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Ginger Is An Effective Remedy For Heartburn, Science Says

Ginger Is An Effective Remedy For Heartburn, Science Says

Ginger is a widely used and versatile plant. It has so many potential health benefits that it has been studied in detail in relation to over 100 health symptoms or conditions. Ginger has traditionally been used to manage various gastrointestinal problems. It is widely known for its anti-nausea and anti-inflammatory properties. Ginger is also believed to help with digestion by promoting smooth intestinal movement.

Ginger has now been proven to be a remedy for heartburn. A recent study shows that the ginger root is more effective in managing and treating heartburn, a painful and uncomfortable disease that affects millions of people, than mainstream prescription medications.

Causes of heartburn

There are various causes of heartburn.  “Fatty foods, large portions, and late-night meals are the top three triggers that affect many people with heartburn.”

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A number of foods and drinks can cause the loosening of the lower esophageal sphincter (LES). A weak LES is can be a factor in the cause of heartburn. Food and drinks that commonly trigger heartburn include:

  • alcohol, in particular red wine
  • spicy foods and black pepper, garlic, raw onions
  • chocolate
  • citrus fruits and citrus products (such as orange juice)
  • coffee, tea and soda
  • peppermint
  • tomatoes

Side effects of heartburn drugs

Many people who suffer from heartburn opt to take mainstream medication in an effort to alleviate their symptoms. However, recent research has suggested that people who take certain popular medicines for heartburn known as proton-pump inhibitors (PPIs) should do so with caution.

According to a study lead by Morgan Grams, an epidemiologist at the John Hopkins Bloomberg School of Health, published in the journal JAMA Internal Medicine, found that PPIs appear to significantly elevate the chances of developing chronic kidney disease. The study involved more than 250,000 people. It is estimated that 15 million Americans use PPIs; common PPIs are Nexium, Prilosec and Prevacid, meaning that many Americans are at risk.

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In the 1980s, when PPIs were first approved, they were viewed as being very safe. Concerns about their safety have been mounting and various evidence has suggested that the drugs may increase the risk of certain health problems such as: infections, bone fractures and maybe even heart problems.

Given the risks associated with taking PPI medications many people are looking for alternative solutions to help them with their heartburn. The following study shows that ginger is a real substitute for PPI prescription medications.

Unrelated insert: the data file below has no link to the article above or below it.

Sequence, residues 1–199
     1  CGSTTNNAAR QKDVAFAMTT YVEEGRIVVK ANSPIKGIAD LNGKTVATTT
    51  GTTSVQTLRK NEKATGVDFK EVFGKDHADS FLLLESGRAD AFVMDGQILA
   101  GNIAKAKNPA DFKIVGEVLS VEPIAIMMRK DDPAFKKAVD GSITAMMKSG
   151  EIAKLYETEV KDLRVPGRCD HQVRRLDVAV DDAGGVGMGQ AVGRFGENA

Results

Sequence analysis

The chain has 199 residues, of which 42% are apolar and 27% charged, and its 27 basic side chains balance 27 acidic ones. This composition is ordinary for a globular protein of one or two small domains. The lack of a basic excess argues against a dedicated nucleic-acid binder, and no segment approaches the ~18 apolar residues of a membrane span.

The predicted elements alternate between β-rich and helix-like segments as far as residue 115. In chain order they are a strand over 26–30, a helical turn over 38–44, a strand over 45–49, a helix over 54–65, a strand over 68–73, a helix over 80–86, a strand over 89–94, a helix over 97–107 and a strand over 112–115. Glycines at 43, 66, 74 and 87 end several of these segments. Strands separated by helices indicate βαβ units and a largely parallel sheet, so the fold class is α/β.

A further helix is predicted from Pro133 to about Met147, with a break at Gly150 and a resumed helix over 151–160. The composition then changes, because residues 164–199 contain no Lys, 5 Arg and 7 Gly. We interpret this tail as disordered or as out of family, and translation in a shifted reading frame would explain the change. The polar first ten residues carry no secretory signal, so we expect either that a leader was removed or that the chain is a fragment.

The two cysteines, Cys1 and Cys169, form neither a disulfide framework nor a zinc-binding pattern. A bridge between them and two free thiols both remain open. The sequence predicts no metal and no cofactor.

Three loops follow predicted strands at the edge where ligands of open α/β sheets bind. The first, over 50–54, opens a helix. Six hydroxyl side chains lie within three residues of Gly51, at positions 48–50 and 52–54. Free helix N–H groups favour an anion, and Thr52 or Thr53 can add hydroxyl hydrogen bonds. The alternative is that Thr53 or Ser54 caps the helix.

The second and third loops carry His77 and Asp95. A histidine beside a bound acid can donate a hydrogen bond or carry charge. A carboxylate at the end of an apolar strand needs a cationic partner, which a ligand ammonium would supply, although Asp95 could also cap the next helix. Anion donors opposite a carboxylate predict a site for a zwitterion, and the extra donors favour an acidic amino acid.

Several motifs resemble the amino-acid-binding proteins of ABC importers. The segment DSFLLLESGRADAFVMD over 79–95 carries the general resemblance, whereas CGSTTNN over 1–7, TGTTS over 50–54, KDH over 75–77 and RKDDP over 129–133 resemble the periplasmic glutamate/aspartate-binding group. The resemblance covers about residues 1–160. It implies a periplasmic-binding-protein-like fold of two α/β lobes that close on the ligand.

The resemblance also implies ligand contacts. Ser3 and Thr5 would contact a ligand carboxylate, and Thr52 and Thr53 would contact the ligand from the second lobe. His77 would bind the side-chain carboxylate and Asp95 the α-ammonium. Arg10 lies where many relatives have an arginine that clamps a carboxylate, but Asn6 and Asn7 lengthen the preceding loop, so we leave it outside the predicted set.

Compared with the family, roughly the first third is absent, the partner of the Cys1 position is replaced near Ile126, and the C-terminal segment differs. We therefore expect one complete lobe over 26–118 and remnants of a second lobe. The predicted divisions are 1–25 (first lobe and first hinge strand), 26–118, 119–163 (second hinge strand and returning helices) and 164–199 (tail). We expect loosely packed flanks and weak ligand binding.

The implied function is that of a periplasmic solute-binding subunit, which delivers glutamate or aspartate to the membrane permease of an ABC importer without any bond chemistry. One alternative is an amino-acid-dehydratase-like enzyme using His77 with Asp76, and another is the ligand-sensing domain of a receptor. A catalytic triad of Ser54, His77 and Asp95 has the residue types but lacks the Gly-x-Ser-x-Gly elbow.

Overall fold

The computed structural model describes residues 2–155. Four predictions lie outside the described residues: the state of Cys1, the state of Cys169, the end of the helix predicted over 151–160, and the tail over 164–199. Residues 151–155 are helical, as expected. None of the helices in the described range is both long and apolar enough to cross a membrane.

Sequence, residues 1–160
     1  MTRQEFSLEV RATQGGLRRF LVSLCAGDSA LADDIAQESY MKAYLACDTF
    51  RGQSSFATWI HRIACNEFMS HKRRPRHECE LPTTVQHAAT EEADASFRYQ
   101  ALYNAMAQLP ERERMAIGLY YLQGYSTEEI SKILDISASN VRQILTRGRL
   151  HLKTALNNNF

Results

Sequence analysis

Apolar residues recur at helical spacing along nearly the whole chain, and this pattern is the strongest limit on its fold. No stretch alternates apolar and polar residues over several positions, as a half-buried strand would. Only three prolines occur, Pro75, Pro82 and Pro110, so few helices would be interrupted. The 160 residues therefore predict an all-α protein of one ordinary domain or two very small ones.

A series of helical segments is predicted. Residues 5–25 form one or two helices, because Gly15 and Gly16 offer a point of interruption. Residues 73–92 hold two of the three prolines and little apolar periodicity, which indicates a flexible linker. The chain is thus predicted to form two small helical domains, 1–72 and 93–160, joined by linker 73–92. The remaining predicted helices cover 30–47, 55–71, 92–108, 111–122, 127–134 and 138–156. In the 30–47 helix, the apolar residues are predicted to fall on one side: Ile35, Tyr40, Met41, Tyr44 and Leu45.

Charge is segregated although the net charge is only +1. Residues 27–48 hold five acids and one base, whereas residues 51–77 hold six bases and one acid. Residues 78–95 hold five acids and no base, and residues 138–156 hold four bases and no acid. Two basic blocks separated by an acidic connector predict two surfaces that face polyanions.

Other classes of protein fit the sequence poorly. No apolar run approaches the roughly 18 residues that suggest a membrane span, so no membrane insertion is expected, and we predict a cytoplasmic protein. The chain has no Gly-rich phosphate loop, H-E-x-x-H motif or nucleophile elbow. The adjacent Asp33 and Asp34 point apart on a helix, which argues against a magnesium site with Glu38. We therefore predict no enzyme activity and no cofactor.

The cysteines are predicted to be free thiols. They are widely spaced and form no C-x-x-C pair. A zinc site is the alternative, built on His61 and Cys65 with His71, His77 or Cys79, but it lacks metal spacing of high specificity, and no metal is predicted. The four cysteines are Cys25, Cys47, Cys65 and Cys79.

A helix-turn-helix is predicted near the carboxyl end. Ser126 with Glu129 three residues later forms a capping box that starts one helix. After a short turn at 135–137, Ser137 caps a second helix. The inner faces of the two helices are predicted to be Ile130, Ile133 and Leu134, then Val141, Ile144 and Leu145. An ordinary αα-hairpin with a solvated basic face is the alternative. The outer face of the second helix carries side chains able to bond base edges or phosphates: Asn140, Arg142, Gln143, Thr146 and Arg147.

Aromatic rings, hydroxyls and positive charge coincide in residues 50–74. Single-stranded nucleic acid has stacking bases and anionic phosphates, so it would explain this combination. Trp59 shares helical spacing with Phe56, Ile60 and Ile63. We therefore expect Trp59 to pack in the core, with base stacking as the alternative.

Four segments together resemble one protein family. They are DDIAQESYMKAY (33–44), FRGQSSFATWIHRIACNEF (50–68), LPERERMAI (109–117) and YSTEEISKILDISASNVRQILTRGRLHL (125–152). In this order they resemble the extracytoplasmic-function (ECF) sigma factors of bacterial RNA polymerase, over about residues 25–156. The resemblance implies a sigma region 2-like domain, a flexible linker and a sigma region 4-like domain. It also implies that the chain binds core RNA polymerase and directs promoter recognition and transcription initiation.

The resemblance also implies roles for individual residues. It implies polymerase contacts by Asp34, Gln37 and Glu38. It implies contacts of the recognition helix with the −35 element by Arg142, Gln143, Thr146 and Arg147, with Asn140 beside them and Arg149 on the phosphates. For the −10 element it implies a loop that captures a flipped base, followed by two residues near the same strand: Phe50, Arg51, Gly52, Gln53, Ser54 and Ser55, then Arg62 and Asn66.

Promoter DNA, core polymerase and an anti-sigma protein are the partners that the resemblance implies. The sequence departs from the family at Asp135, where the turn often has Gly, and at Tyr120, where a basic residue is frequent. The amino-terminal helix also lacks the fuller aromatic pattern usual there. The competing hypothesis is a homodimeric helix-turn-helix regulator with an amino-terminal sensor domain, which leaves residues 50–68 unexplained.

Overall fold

Study: Ginger as a treatment for heartburn

A study published in the journal Molecular Research and Food Nutrition found compares the efficacy of acid-blocking drugs (PPIs) with the ginger root. The study aimed to find out the anti-ulcer and anti-Helicobacter plyori (Helicobacter plyori is a bacteria that is commonly associated with ulcer formation) ability of ginger extracts when compared to mainstream acid-blocking medicine such as lansoprazole (a PPI).

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It was discovered that ginger performed six to eight times better than the drug (lansoprazole) did at inhibiting acid production. Moreover, it was also found that ginger has potent antioxidant properties. These antioxidant properties protect lipids from being spoiled and DNA from being damaged. Researchers concluded that ginger have “potential in-expensive multistep blockers against ulcer.”

While mainstream medical drugs removes stomach acid barrier, ginger does the opposite. It protects these barriers as it contains a proteolytic enzyme several hundred times more potent than the one found in papaya (papain). In addition to aiding with heartburn, ginger also has antibacterial, antiviral and anti-parasitic properties.  

Getting started with ginger

The University of Maryland Medical Center prescribes taking no more than 2g to 4g of ginger. This is equivalent to 1 tsp. to 2 tsp. of fresh ginger root or ¼ of the amount of powdered ginger. You should never take more than 4 gm of ginger daily.

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 Fresh ginger root can be taken in the following ways:

  • You can crush or grate the fresh ginger root and leave it to soak in water. You can then drink the water once the ginger has soaked sufficiently.
  • You can chew a fresh piece of ginger, but make sure that you don’t swallow it.
  • You can eat a ginger sweet.
  • You may also add pieces of ginger to a cup of tea (such as chamomile tea).
  • If you take ginger syrup or ginger capsules be sure to follow the dosage and instructions written on the package.

Be careful not to consume too much ginger as this may have adverse effects. Too much ginger may cause further heartburn or intervene with drugs that treat severe cases of heartburn. Be sure to consult your physician when trying ginger for heartburn.

Summation

“Given the fact that so many people use PPI medications, I think it is judicious to exercise some caution,” said Morgan Grams. Ginger has been proven to be a safe and real alternative to PPI medication. Ginger gives new hope to heartburn sufferers who do not want to risk the side effects of PPI medication but need an effective way to manage their heartburn disease.

Featured photo credit: Mail Online via dailymail.co.uk

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Rebecca Beris

Rebecca is a wellness and lifestyle writer at Lifehack.

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Last Updated on September 18, 2020

7 Simple Rules to Live by to Get in Shape in Two Weeks

7 Simple Rules to Live by to Get in Shape in Two Weeks

Learning how to get in shape and set goals is important if you’re looking to live a healthier lifestyle and get closer to your goal weight. While this does require changes to your daily routine, you’ll find that you are able to look and feel better in only two weeks.